One finds a great deal of natural history drawings in Mughal paintings. Here, Prof B.N. Goswamy writes about Botanicum, a book that reminds us how plants appeared on Earth, and how we, in India, have lost the tradition of natural history paintings. (Photo courtesy: The Tribune)
This article appeared originally in The Tribune, Chandigarh and is reproduced here with permission.
Nobody knows for certain how many species of plants there are. So far, scientists have counted about 4,25,000, but more are being discovered every day….Understanding these patterns of plant diversity is crucial to preserving all other forms of life on Earth, including us. Because without plants there would be no humans. Plants create and regulate the air we breathe … [While studying them, there are questions to be asked.] How did Earth reach the diversity and variety of plant life we see around us today? What did the first plants look like? When did the first forests form? When did plants first produce flowers?
— Prof. Kathy Willis, Royal Botanic Gardens, Kew
Even though they are everywhere—plants, that is—living on almost every surface on Earth, “from the highest mountains to the lowest valleys”, as we read, “from the coldest and driest environments to some of the hottest and wettest places on our planet”, I have never been the one for botany. The only brief brush I had with the subject was at school when we had, as a part of our syllabus, the ‘ilm-e-nibaataat’, as the science of botany was called in Urdu. But, this said, I have always been drawn to natural history drawings, especially those of plants. Everyone, or nearly everyone, knows about the interest of the great Mughals in natural history studies, including, of course, those of flowers, of the kind which that wonderful painter, Ustad Mansur, produced for his royal patrons. Again, possibly everyone knows of the superb botanical studies that ‘Company painters’ like Sheikh Zayn-al Din and Bhawani Das turned out for discerning East India Company patrons towards the end of the 18th century. These works I know, of course, but I also know that the tradition of natural history paintings, at least in our own land, has been all but lost.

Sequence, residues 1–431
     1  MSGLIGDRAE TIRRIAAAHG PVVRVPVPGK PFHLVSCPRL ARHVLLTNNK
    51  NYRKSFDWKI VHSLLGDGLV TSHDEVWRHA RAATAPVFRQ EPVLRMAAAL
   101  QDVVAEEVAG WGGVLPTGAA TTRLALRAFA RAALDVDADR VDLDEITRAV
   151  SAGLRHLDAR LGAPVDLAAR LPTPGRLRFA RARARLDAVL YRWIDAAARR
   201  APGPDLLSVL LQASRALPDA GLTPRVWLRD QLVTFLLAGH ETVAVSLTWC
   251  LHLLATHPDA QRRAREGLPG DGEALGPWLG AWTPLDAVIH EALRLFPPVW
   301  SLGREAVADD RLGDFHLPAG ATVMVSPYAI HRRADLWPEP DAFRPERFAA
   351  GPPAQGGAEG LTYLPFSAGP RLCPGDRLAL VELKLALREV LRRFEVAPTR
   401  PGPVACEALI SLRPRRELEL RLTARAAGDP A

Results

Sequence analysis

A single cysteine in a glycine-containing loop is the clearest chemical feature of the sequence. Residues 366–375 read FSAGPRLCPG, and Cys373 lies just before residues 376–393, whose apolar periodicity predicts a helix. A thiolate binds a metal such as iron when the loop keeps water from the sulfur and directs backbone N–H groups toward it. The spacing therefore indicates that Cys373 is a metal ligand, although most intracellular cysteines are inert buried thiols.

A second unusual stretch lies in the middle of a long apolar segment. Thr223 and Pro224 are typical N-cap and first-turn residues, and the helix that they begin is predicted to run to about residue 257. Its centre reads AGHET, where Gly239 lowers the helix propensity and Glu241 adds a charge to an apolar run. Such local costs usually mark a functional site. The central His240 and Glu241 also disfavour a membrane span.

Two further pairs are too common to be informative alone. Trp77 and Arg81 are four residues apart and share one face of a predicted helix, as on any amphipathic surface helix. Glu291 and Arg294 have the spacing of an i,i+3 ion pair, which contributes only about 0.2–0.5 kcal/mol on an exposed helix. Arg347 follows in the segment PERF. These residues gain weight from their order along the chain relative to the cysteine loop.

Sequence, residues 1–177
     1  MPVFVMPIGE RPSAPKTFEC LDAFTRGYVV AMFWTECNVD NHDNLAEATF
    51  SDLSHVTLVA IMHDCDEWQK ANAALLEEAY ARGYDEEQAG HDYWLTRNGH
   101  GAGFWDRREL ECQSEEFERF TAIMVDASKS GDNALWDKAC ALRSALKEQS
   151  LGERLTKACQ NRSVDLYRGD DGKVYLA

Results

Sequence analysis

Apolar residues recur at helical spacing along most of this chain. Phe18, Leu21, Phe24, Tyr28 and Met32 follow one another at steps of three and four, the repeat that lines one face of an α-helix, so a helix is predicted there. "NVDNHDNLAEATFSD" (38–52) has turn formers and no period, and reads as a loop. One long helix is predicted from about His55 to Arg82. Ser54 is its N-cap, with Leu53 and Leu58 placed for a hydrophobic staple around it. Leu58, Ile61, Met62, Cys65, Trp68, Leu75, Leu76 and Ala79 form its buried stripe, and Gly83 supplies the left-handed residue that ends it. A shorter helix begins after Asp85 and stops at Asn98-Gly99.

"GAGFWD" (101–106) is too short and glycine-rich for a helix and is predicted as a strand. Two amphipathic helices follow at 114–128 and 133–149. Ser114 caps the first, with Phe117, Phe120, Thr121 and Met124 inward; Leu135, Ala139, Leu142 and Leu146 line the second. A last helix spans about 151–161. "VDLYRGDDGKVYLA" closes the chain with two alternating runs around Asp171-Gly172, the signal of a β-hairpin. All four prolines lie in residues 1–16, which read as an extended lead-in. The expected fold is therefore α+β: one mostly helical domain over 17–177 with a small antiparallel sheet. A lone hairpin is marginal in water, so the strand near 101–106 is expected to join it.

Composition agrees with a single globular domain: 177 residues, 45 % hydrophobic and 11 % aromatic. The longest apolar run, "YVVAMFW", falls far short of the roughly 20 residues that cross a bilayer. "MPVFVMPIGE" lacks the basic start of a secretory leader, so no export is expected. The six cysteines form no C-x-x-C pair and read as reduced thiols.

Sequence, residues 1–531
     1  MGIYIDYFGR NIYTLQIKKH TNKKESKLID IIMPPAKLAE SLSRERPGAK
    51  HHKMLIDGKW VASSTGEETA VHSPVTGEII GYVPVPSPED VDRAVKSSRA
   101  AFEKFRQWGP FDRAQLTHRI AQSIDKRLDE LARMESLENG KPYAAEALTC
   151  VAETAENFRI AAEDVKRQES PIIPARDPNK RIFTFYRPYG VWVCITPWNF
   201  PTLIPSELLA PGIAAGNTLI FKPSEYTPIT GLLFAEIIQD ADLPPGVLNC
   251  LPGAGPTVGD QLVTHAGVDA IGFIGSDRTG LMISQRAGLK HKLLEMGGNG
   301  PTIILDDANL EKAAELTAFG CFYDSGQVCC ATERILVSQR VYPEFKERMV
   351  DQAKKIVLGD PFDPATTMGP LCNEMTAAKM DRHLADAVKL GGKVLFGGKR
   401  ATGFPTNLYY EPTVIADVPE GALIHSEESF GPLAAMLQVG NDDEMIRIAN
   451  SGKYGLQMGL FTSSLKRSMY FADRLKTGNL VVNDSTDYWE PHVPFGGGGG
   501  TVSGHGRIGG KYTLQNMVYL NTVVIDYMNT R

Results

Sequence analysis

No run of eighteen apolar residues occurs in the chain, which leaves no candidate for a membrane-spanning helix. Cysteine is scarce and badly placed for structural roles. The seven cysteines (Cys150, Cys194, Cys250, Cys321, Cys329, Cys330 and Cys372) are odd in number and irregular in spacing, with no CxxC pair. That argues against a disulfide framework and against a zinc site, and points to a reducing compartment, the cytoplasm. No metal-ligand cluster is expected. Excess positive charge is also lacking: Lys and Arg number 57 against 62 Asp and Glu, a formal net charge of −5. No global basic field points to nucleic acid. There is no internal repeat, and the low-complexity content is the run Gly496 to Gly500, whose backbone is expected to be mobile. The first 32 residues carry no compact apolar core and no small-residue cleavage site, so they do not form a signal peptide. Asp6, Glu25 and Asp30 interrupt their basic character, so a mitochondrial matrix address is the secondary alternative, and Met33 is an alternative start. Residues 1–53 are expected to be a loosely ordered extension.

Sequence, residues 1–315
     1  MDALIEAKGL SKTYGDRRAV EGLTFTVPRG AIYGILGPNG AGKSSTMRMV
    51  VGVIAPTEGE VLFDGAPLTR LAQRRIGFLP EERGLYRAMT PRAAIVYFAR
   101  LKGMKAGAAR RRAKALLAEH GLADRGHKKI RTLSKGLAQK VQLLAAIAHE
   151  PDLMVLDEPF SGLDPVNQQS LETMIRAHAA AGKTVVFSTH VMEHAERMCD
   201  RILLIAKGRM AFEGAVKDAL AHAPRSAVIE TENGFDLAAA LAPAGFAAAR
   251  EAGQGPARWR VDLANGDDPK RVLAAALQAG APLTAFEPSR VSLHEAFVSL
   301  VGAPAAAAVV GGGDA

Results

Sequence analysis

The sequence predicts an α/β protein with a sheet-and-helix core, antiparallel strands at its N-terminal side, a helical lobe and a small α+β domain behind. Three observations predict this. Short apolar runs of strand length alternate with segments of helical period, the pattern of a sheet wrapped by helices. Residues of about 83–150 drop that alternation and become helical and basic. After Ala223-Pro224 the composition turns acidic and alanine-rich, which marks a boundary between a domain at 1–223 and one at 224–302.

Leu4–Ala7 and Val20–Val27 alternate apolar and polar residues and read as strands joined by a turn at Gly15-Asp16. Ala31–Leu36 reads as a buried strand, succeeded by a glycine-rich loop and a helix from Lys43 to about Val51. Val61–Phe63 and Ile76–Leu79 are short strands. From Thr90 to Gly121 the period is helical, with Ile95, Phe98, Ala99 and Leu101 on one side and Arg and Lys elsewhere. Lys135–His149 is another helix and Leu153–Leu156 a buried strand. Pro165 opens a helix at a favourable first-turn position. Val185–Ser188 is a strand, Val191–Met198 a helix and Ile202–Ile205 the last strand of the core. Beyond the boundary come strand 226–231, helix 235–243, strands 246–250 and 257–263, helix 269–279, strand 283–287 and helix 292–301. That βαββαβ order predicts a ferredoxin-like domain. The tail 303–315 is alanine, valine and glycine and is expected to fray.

My interest in images of this kind was kindled again recently, however, when I came upon a volume that someone kindly brought as a gift for my little grandson. Botanicum is how the volume was titled, and its superbly designed cover I—even though it was not intended for me—found hard to resist. I sat down, almost ahead of my grandson, to dip into the book and found in it, apart from the highly informative text it contained, some exquisitely done illustrations by Katie Scott: created with pen and ink and coloured digitally. Not surprisingly, the book was a production of the Kew Gardens—that famous botanical garden in southwest London, which houses the “largest and most diverse botanical and mycological collections in the world”—and is now a World Heritage Site. I had visited the place years ago, but did not, for want of proper attention I am sure, realise that on these premises were preserved seven million plant specimens, and that in its illustration collection were more than 1,75,000 prints and drawings of plants. From the Kew—a part of the officially designated Royal Botanic Gardens—have also been emerging a whole slew of publications. Botanicum, which I was looking at—a virtual museum in itself—was just one of them.
The book is most imaginatively organised, for the reader is taken in hand and led, step after step, ‘gallery after gallery’ as it were, through the world of plants. Brief but chiselled introductions take us through sections: ‘The First Plants’, followed by ‘Trees’, which are succeeded by ‘Palms and Cycads’, ‘Herbaceous Plants’, ‘Grasses, Sedges and Rushes’, ‘Orchids and Bromeliads’, and so on. Each section is densely populated. In the ‘First Plants’, one is introduced to things like algae, fungi, lichens, mosses and ferns, for instance; in ‘Herbaceous Plants’, figure the structure of flowers, bulbs, below-ground edible plants, vines and creepers. This is the way one proceeds, walking slowly through the book, but all the time, on practically every page, getting arrested by the sight of visuals: objects seen from the angle of maximum visibility, crisply drawn, precisely coloured. Completely consciously, the reader’s excitement is kept up. When we get to the section dealing with aquatic plants, to take an example, we are brought close to the amazing ‘Amazon Water Lily’, a waterborne plant with huge leaves that grow to over eight feet across and are so buoyant they can easily support the weight of a small child of up to 45 kg! Even a brief history of how Europeans discovered this ‘vegetable wonder’ in South America in 1837 is given. We are told of how the discoverer, Robert Schomburgk, managed to bring a specimen back to England, packing a bud and a small piece of the leaf in a barrel full of salt water. The section on ‘carnivorous plants’ focuses mainly on how plants catch and eat live prey—mostly insects, mites and spiders—in their need for nitrogen, but, in this very list, we also come upon the ‘Rajah Pitcher plant’, found on the tallest mountain in Borneo, which grows to a height of 10 feet, has a pitcher the size of a rugby ball, and is reputed to trap rats.
With clear intent, we are taken in the book both forwards and backwards. We are, as we need to be, reminded of how the earliest plants appeared on the Earth around 3.8 billion years ago. But we are also told, in no uncertain terms, that “the journey goes on”. For not only are scientists “continuing to discover new plant species every year (almost every day)”, but all this while “plants are continuing to evolve in response to changing conditions and new challenges”.
“The story has just begun”, a section concludes.
This article has been republished as part of an ongoing series Art N Soul from The Tribune.